Willemien Aukema
3 minute read
7 Jun 2017
10:50 am

Sasol admits to struggling to remove poisonous gases from the air

Willemien Aukema

Sasol has pledged between R50m and R100m towards research aimed at developing a technological solution to this problem.

Sasol Secunda Operations is one of the plants that is struggling to adhere to the stricter emissions guidelines.

Sasol’s emissions do not comply with air quality regulations as imposed by the Air Quality Act of 2015.

This was revealed at an environmental roundtable discussion on Wednesday, May 31 in Sandton, Ridge Times reported.

Sasol admitted to struggling to remove two particular poisonous gases from the air at the Sasol, Natref and Secunda operations.

These are sulphur dioxide (SO2) and hydrogen sulfide (H2S) that apparently do not pose a risk to human health.

Bernard Klingenberg, Sasol’s executive vice-president of operations, said there was currently no solution available to remove these two gases from the air.

However, Sasol has pledged between R50 million and R100 million towards research aimed at developing a technological solution to this problem.

Solutions

Though Sasol will focus on finding a solution in the next eight years, the company can still not confirm that a viable solution will exist to remove these gases from the air by 2025.

Klingenberg said the environment and health of its communities were of significant importance to Sasol, which was one of the reasons the company decided to speak up about these.

That was one of the reasons why the company decided to speak up about these gases.

The company plans to apply with the Department of Environmental Affairs to have the compliance deadline for air quality postponed by a further five years from 2018.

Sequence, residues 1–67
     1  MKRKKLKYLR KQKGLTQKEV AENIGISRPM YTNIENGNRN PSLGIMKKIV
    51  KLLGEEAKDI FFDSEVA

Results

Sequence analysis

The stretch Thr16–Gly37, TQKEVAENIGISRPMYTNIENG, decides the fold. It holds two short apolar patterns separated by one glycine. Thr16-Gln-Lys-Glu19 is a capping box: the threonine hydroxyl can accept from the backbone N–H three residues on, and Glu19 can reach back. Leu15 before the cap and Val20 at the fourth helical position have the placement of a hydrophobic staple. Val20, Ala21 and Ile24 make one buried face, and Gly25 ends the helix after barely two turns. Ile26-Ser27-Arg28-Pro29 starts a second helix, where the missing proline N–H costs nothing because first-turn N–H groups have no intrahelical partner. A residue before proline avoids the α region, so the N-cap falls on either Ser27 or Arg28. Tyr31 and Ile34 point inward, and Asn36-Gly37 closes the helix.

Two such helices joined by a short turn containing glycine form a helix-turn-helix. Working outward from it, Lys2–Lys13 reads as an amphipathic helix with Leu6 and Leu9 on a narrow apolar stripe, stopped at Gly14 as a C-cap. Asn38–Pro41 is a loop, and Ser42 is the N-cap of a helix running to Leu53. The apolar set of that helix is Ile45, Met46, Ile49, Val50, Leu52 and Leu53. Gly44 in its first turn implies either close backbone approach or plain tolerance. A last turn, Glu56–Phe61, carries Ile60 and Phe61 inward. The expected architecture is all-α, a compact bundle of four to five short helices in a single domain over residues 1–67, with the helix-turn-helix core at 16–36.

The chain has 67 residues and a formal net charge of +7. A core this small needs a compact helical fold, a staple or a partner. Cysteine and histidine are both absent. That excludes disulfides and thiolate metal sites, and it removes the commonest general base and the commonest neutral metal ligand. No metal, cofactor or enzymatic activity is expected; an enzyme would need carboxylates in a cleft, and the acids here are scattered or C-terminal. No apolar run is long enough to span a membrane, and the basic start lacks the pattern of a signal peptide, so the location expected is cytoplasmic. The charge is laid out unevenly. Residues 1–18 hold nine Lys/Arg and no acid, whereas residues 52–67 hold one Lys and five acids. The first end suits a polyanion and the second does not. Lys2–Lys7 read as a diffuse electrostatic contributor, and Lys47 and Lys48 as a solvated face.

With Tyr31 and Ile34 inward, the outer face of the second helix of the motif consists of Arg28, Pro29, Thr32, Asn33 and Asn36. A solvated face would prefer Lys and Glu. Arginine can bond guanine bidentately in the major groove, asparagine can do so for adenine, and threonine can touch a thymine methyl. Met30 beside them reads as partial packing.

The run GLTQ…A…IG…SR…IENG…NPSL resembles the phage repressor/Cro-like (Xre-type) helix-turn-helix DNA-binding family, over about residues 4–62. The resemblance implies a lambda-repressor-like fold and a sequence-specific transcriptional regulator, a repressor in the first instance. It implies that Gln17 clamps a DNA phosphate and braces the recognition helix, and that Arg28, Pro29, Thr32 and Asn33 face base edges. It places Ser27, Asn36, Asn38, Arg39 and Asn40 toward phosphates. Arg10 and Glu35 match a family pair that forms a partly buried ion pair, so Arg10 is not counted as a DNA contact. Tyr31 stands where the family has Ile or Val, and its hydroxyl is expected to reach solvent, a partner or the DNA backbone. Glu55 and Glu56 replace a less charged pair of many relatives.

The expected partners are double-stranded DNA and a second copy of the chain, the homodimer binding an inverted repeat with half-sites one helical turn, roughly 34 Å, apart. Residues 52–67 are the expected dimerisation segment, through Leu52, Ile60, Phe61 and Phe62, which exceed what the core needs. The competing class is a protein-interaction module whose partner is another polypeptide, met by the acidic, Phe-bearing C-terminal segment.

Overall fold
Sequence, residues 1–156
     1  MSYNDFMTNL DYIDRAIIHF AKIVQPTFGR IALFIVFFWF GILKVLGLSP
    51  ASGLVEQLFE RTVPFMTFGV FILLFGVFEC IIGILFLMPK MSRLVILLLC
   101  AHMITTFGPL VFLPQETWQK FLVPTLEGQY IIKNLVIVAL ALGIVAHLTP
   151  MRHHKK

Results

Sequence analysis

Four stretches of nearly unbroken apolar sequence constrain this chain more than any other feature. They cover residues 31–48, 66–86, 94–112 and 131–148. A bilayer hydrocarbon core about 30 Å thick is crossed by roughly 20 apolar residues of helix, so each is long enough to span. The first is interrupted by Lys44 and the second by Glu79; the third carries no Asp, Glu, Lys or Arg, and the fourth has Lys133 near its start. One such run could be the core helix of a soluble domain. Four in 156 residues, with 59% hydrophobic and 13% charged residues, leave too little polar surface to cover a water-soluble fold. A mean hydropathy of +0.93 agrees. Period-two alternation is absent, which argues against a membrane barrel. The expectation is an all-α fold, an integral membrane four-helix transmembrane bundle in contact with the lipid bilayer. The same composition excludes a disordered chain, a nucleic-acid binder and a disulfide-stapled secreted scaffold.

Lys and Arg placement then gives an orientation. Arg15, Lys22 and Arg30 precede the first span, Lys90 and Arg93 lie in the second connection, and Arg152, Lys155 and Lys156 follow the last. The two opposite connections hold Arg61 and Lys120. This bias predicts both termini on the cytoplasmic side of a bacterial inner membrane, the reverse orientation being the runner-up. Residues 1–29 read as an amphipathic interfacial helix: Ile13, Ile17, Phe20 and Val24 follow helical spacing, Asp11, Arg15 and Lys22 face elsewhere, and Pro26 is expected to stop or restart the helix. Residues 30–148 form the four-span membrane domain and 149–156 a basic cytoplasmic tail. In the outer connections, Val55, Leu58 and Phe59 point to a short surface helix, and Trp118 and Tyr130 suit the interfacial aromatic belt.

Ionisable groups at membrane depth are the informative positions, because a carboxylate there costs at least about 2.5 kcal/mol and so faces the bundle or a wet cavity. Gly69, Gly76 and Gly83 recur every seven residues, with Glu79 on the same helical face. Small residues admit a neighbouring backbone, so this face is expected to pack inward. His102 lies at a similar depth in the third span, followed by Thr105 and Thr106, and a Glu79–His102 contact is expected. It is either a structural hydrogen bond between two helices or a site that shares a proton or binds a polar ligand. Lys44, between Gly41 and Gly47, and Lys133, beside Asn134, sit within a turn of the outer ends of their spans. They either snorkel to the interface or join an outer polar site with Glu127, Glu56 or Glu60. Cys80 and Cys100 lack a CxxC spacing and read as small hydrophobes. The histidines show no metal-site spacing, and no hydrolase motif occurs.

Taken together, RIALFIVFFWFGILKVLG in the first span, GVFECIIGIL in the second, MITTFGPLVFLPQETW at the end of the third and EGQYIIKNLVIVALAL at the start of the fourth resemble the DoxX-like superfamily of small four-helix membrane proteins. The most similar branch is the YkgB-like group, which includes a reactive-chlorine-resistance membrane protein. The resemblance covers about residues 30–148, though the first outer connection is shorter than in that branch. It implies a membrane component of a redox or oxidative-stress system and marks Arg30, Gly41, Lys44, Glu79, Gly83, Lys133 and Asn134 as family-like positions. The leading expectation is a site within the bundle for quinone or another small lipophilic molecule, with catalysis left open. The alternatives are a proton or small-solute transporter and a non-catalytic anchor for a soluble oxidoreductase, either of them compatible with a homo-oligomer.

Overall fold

Sasol Secunda Operations is one of the plants that is struggling to adhere to the stricter emissions guidelines.

Sasol Secunda Operations is one of the plants that is struggling to adhere to the stricter emissions guidelines.

These postponements are an important regulatory mechanism to transition existing plants to new plant standards.

Further air quality measurement that has been taken, indicate that the emissions are far below the Department of Environmental Affair’s requirements for air quality.

Klingenberg confirmed Sasol’s continued awareness of the impact of their operations in the Vaaldriehoek and Secunda areas and that they take responsibility when it comes to air quality seriously.

The two highest concentrations of SO2 were measured at Laerskool AJ Jacobs in Sasolburg and at Bosjesspruit in Secunda which is about 9km from the plant.

Of greater concern to Sasol is the high concentration of PM10 particles that residents of Secunda and the Vaaldriehoek inhale daily.

These particles are however apparently not just resultant from Sasol’s operations in these areas but also come from coal-fired power stations, veld fires, and domestic fires.

The highest concentration of PM10 particles was measured at Sharpville, Zamdela, Leitrim and Drie Riviere in Vereeniging and at Langverwacht and the Sasol Club in Secunda.

Sasol confirmed they will continue to track their progress on air quality improvement and report thereon to the NAQO.

Though the company faces significant challenges in meeting the new plant standards for steam and power plant sulfur dioxide (SO2) emissions and coal gasification plant hydrogen sulfide (H2S) emissions, Sasol said they still do not exceed the National Ambient Air Quality Standards.

Caxton News Service

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